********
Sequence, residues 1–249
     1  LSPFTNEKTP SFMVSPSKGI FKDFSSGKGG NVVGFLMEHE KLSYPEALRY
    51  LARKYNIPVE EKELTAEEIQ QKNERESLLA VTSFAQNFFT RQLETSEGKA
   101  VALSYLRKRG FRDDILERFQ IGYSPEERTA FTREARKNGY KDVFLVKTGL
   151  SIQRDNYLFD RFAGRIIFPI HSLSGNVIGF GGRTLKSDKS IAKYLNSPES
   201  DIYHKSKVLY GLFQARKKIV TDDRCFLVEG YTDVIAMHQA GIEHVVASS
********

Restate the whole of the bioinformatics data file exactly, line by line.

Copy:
Sequence, residues 1–249
     1  LSPFTNEKTP SFMVSPSKGI FKDFSSGKGG NVVGFLMEHE KLSYPEALRY
    51  LARKYNIPVE EKELTAEEIQ QKNERESLLA VTSFAQNFFT RQLETSEGKA
   101  VALSYLRKRG FRDDILERFQ IGYSPEERTA FTREARKNGY KDVFLVKTGL
   151  SIQRDNYLFD RFAGRIIFPI HSLSGNVIGF GGRTLKSDKS IAKYLNSPES
   201  DIYHKSKVLY GLFQARKKIV TDDRCFLVEG YTDVIAMHQA GIEHVVASS